Community members came together to help craft a plan for Gabbert Butte Nature Park, with a variety of input on the best ways to implement welcome entries, trailheads and trail system improvements.
The event was hosted by Metro regional government and the city of Gresham Wednesday evening, July 19, and furthered development of the master plan for Gabbert Butte. The plan identified ways to connect people with nature through hiking, biking, wildlife viewing, picnicking, classes and play areas.
"We don't tend to have a lot of money and resources for parks, so anytime we can partner with Metro to fund a park is something we want to take advantage of," said Steve Fancher, Gresham's director of environmental services.
The site is co-owned by the city of Gresham and Metro, with small pockets of land retained by private entities. Nadaka Nature Park and the soon to be completed Hogan Butte Nature Park were both also completed thanks to similar partnerships.
Gabbert Butte is currently a natural area, but will become a nature park once the new amenities are included. It is one of three buttes located within city limits. The 150-acre space is covered in big leaf maple, alder and Western red cedars, and native wildflowers bloom in the spring.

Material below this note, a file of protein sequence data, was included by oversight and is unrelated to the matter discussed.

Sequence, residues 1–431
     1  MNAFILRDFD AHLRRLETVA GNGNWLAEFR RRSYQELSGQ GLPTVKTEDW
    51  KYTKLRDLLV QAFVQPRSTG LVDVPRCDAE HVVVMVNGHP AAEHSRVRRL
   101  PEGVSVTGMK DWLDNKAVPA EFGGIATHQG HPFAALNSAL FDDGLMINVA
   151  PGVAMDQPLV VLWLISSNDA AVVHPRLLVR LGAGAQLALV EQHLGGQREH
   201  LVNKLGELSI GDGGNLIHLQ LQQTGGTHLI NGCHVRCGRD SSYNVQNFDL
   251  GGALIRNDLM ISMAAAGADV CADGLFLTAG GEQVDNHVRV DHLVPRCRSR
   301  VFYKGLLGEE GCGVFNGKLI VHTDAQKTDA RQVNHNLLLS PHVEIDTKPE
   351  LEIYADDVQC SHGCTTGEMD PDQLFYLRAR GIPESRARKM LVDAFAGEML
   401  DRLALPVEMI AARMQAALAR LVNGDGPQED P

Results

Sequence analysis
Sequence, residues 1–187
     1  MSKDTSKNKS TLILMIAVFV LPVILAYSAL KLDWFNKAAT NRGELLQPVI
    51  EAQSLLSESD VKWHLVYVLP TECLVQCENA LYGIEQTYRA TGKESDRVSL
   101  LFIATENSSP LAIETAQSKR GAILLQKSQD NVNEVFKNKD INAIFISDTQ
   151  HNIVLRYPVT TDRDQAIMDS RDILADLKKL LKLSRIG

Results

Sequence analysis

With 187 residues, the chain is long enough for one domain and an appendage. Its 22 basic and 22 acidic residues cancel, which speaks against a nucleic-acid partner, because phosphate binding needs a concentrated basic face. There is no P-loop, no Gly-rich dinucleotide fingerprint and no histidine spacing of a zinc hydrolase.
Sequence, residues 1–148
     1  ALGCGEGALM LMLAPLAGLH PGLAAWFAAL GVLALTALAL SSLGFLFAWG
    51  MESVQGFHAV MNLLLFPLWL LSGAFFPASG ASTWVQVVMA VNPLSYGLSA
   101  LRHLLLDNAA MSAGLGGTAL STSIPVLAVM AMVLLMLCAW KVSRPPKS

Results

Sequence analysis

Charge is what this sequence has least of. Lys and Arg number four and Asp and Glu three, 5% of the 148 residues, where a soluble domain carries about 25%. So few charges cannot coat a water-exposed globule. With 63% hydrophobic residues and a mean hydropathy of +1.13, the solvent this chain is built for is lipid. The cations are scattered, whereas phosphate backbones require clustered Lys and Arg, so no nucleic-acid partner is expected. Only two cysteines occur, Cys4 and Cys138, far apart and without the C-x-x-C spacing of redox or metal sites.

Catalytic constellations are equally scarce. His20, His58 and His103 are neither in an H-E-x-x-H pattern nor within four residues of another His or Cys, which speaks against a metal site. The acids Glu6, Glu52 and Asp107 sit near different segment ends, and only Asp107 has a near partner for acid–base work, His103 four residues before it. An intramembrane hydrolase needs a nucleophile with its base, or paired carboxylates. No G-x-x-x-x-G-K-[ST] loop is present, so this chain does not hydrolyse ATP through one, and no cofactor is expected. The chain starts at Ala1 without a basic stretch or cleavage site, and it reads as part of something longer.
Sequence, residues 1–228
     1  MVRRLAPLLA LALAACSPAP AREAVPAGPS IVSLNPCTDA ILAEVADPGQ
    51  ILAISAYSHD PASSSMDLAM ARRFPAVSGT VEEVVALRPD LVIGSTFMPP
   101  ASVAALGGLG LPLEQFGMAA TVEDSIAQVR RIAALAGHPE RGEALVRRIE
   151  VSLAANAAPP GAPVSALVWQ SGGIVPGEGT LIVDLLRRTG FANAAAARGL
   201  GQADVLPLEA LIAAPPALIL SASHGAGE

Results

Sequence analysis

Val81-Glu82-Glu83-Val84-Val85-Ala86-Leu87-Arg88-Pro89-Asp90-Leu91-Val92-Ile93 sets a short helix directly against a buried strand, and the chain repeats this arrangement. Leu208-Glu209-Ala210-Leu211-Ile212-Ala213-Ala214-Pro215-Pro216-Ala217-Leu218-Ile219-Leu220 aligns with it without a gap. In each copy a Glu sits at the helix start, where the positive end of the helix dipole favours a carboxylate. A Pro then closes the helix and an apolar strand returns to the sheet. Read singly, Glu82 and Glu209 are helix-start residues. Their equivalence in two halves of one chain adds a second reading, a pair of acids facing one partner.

"It always amazes me how close to the city I am when walking on Gabbert Butte," said Olena Turula, park planner with Metro.
Gabbert is located between Southwest Regner Road, Southwest Butler Road and Southwest Towle Avenue, and is south of Gresham Butte with several trails connecting the two peaks. There are already 1.5 miles of trails on Gabbert Butte, with trailheads accessible in neighborhoods. The top of the butte is 994 feet, which represents 500 feet of elevation gain from the base.
"We have a big opportunity here to connect the east butte trail systems," Turula said.
Many of the early comments on the plans were positive, with community members excited to have better access to hiking in their own backyard. A few raised concerns about the private owners who still had land on the butte, as it could affect where the trails run, as well as desires to change some of the existing trails, which are steep and often treacherous when slippery.
Other ideas were to have information in many languages, park rangers, plenty of parking for vehicles and bikes, water stations, restrooms at the trailheads, and signs along the trail with mileage listed.
There will be three more opportunities for community members to weigh-in, with the next meeting planned to take place in the fall. The final chance will be via online comments about the master plan.